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Ketamine is a prescription medication administered to induce loss of consciousness as a general anesthetic.
When ketamine is used in a controlled clinical setting, the drug causes sedation and a reduced sensitivity to pain.
A Schedule III non-narcotic (non-opioid), ketamine is only FDA-approved as a general anesthetic. There is ongoing research on the off-label use of ketamine for the treatment of depression.
This medication is considered generally safe if used in a clinical setting, but any recreational use of ketamine can be dangerous. Taking large doses of illicit ketamine can be life-threatening.
This guide outlines the addictive potential of ketamine and explores the side effects of abusing this powerful anesthetic.
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What is Ketamine?
Ketamine is classified as a dissociative anesthetic. Physicians prescribe ketamine to induce general anesthesia in medical procedures that do not demand muscle relaxation.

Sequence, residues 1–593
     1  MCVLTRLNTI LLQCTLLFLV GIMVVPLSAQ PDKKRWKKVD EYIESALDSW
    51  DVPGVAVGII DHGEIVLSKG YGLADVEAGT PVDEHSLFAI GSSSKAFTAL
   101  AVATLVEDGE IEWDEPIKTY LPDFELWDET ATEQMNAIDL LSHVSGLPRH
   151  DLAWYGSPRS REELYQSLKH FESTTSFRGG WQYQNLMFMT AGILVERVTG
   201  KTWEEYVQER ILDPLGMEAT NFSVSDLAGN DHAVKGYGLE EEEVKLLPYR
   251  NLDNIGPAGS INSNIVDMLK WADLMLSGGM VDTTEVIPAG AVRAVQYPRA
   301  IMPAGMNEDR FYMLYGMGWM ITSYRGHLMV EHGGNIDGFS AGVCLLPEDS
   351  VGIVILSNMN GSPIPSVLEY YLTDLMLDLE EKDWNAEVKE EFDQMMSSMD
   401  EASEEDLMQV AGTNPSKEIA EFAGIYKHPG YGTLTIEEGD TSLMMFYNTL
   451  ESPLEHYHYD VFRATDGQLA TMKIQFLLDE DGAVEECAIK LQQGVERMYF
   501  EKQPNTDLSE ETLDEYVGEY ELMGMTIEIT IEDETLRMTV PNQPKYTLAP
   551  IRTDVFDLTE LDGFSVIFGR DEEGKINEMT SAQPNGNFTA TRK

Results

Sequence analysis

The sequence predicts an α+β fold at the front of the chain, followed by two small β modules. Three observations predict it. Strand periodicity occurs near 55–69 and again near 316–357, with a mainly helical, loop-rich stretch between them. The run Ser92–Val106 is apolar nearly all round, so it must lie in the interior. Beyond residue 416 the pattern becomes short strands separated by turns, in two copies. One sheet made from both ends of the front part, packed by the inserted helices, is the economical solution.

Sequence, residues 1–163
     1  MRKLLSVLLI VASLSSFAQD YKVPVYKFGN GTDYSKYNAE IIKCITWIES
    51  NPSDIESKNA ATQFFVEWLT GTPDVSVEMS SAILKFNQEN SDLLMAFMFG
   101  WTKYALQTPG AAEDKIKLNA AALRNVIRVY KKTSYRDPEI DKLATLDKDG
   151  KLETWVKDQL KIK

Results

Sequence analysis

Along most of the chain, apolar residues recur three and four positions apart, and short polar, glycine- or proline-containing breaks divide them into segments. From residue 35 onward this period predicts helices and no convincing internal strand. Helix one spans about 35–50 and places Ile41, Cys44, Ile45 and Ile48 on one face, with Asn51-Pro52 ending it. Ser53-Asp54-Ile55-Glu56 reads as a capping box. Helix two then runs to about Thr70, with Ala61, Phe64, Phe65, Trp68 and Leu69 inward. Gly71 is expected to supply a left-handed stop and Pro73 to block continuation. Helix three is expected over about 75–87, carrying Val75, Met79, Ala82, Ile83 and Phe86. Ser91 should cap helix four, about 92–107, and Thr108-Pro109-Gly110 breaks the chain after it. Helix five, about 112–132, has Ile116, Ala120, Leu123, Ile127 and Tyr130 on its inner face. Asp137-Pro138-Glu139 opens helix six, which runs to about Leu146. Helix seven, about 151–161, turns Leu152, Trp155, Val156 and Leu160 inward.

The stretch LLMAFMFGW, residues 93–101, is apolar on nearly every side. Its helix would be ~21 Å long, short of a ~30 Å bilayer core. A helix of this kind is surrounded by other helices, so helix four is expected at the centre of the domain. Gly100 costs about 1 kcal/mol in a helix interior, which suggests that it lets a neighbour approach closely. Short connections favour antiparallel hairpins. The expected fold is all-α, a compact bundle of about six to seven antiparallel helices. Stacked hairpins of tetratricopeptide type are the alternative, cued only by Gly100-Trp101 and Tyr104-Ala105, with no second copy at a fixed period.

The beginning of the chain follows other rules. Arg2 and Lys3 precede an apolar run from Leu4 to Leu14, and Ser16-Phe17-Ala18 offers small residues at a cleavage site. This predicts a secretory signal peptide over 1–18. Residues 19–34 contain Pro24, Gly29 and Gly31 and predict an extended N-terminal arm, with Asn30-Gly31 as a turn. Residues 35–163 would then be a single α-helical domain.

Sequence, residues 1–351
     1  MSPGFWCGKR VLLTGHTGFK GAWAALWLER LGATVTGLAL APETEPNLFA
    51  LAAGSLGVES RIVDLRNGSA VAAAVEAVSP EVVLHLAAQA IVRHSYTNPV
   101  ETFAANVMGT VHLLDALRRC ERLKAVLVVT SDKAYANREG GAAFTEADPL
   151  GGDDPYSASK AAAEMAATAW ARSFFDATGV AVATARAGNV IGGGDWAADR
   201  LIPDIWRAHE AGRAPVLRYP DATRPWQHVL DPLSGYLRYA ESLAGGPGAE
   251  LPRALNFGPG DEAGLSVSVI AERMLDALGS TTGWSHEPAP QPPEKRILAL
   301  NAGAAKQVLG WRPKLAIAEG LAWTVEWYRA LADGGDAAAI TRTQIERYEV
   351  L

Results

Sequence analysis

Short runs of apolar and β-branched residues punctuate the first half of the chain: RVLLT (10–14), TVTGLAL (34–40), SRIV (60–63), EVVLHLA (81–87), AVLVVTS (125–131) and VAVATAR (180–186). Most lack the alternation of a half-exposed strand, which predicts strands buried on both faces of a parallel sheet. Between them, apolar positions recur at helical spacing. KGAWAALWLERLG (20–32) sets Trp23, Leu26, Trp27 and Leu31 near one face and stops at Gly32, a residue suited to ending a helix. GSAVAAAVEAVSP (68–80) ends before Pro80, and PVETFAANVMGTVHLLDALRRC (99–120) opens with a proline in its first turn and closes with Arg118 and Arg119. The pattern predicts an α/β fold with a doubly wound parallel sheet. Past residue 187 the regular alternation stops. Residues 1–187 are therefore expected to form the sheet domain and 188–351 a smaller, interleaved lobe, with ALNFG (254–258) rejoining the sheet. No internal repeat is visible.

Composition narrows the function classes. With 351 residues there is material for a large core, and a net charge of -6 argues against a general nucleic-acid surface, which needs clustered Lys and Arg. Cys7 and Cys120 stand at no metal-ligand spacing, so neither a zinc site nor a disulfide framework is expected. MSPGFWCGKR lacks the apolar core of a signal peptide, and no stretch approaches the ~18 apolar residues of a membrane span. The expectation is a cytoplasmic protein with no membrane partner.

Dissociative anesthetics like ketamine induce a sleep-like state. Additionally, ketamine triggers intense feelings of disconnectedness. Anecdotal evidence suggests that taking ketamine in larger doses can cause near-death experiences.
Ketamine is classified by the DEA as a Schedule III controlled substance.
The drug is used in the United States in humans and animals. Ketalar is a branded formulation of ketamine that has been available in the U.S. since 1969. Ketamine is available in the following prescription formulations:
- Nasal spray
- Off-white powder
- Clear, colorless liquid
- Intravenous injectable
The branded form of ketamine marketed as Ketaset is a surgical anesthetic used by veterinarians.
Many people abuse ketamine for its powerful dissociative properties. Like all substances in this classification, ketamine can cause distortions sights, self, and sounds, as well as colors and the surrounding environment.
Those who abuse ketamine smoke or snort the powder. Less frequently, ketamine is injected by those seeking an intense dissociative high.
Regardless of the route of administration, ketamine can provoke the presentation of hallucinations like those associated with LSD (lysergic acid diethylamide) and PCP (angel dust).